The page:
Vadnagar is a small town with a big past. Dating back almost 2,000 years, its ancient and medieval history is a matter of great pride for the people of this town, situated 110 km from Ahmedabad in Gujarat.
Among the relics of Vadnagar’s glory days are two towering Kirti Torans or ceremonial, arched gateways made of stone. Standing 40 feet high on the banks of the Sarmishtha Lake just north of the walled town, these toranas are said to have been built by the Solanki dynasty in the 12th century CE, although no one knows exactly why they were constructed.
Made of red and yellow sandstone and covered in exquisite sculptures, the toranas are reminiscent of Vadnagar’s rich and varied history. The town was an important centre for Buddhism in the later ancient period, and for the Solankis in the early medieval period.
According to some historians and archaeologists, Vadnagar is 2,000 years old.
Archaeological digs in the town have revealed remnants of its Buddhist past, including a Gupta Buddha sculpture, shell bangles and other artefacts, as well as extensive remains of built structures including stupas.
Vadnagar is associated with the ancient town of Anarta mentioned in the Junagadh rock inscription of Kshatrapa King Rudraman I. The town is also believed to be the ‘Anandnagar’ visited and described by Chinese monk and traveller Hiuen Tsang between 640 and 644 CE. This has been supported by archaeological findings. In the 12th century, Solanki king Kumarapala erected walls around the town and it is believed that there were over 3,000 temples here in medieval times.
Kirti Toranas can be found across Gujarat, including some in the towns of Modhera and Siddhpur. However, the toranas at Vadnagar are the most complete and exquisite of them all. These arched gateways appear to serve no actual purpose, except ornamentation and a means to display the glory and aesthetic accomplishment of the Solankis.
Originally built without any mortar or cementing material, the base of each torana covers 2.5 sq mt for stability. The design and ornamentation of the toranas are fascinating, and one can see similarities between them and the sculptures at the Sun Temple of Modhera and the Rudra Mahalaya of Siddhpur.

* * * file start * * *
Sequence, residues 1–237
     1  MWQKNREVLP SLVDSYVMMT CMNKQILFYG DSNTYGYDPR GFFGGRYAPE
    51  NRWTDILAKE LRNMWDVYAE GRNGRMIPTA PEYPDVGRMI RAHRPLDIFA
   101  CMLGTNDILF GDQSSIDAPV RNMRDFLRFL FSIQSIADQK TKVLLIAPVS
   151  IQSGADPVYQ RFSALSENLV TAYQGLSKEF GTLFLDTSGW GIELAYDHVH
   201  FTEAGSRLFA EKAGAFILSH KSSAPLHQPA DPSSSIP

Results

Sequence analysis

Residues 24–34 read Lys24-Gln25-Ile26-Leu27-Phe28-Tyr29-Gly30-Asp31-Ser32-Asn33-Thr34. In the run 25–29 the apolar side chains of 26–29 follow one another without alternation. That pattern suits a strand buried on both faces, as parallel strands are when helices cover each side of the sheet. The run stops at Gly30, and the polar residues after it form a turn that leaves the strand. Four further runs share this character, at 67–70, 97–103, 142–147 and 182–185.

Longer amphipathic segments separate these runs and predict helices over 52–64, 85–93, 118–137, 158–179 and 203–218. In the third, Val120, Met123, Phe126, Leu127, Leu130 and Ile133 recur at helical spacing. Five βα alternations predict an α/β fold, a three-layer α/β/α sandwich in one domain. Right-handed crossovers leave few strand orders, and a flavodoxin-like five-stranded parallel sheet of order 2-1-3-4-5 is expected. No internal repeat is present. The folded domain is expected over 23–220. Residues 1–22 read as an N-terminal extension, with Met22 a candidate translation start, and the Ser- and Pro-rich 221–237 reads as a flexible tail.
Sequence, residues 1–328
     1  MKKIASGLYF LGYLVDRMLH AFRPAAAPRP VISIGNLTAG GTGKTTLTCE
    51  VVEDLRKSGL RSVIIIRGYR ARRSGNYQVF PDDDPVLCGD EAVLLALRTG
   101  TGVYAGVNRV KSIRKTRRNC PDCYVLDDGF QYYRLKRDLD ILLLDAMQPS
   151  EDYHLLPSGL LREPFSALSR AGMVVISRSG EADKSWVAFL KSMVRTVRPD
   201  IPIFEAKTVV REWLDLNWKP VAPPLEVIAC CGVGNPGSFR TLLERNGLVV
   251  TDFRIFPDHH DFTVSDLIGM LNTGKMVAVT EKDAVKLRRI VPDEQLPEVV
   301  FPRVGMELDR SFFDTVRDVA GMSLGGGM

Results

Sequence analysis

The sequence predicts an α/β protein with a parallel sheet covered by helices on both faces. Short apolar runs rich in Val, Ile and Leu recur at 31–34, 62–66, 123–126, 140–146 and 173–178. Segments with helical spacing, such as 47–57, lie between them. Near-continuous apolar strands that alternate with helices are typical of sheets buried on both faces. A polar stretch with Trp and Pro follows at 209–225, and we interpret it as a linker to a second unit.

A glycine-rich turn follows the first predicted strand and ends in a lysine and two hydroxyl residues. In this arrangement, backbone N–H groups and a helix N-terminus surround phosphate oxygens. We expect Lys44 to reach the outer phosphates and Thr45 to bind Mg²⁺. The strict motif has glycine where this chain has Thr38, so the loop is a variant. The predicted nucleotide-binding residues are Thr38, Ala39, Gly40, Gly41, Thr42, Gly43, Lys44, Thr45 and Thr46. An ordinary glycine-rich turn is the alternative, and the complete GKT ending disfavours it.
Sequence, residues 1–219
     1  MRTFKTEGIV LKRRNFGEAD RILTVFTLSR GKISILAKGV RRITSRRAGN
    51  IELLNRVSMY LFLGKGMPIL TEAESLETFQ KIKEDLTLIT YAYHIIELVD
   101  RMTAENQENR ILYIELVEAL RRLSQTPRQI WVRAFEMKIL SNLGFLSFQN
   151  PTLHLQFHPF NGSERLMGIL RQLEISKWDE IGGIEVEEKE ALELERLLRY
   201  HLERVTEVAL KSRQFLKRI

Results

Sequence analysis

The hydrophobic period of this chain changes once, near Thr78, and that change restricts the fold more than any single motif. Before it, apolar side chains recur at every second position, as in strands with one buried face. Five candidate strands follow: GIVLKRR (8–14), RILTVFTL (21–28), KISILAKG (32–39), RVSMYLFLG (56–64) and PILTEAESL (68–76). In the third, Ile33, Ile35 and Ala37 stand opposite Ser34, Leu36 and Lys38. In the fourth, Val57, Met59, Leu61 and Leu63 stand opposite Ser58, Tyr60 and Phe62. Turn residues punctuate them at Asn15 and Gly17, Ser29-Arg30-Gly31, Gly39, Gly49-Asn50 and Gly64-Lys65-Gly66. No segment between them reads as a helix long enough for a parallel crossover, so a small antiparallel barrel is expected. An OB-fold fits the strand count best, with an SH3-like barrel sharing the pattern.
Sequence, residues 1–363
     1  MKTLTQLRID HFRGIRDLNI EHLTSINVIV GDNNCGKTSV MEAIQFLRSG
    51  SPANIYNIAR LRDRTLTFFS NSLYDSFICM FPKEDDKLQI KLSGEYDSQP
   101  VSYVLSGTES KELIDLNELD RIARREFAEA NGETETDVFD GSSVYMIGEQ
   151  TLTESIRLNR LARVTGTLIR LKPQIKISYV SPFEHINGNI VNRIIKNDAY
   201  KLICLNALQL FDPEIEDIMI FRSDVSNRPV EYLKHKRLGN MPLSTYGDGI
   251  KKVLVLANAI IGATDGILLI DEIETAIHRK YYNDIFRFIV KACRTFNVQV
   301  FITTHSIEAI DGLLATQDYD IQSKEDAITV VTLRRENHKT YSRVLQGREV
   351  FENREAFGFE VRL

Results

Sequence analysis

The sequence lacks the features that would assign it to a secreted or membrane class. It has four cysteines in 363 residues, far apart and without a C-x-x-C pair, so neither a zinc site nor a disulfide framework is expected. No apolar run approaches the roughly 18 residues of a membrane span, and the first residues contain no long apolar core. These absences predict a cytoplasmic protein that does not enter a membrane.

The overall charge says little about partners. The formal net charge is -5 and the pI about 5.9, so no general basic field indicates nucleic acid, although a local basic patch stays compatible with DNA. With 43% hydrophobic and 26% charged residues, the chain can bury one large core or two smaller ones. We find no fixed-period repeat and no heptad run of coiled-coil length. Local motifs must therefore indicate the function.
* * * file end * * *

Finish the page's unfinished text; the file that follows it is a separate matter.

Each torana has two circular columns, which are covered in delicate carvings of hunting and battle scenes, animal figures, floral motifs and human figures in niches. The pillars support a lintel and a pediment. At the top of the torana is the sculpture of a deity, which is believed to be Shiva with Ganesha on one side and Kartikeya on the other. Below the lintel of the second torana is a semi-circular arch emerging from the mouth of a makara, a mythical creature, with carved figures embellishing the arch.
Some experts believe the Vadnagar toranas may have been triumphal arches built by the Solankis to commemorate their victory over Malwa. Others suspect that these massive arched gateways were entrances to a long-vanished temple complex.
The Vadnagar toranas have been documented by British travelers, writers and photographers like Henry Cousens, who was also an archaeologist with the Archaeological Survey of India (ASI). A K Forbes a colonial administrator and scholar of the Gujarati language, mentions them in Ras Mala: Or, Hindoo Annals of the Province of Goozerat, in Western India published in 1856.
Interestingly, if you had visited Vadnagar in the 20th century, you would have seen only one one torana as the other one had been dismantled and lying in pieces near the erect torana for decades. According to a local legend, the dismantled torana had been taken apart on the orders of Maharaja Sayajirao of Baroda, who wanted to transport it to Baroda. It is said that the locals protested and thwarted the Maharaja’s plans.
Both the Vadnagar toranas were included in the ASI’s protected list in 1960. Over the years, when the second torana was dismantled, some of the sculptures were lost, and this is evident when you look at both toranas together.
In the early 2000s, the ASI was given funds to assemble the dismantled torana and it was put together in 2007. Visitors to the town can now see both toranas in all their majestic glory.
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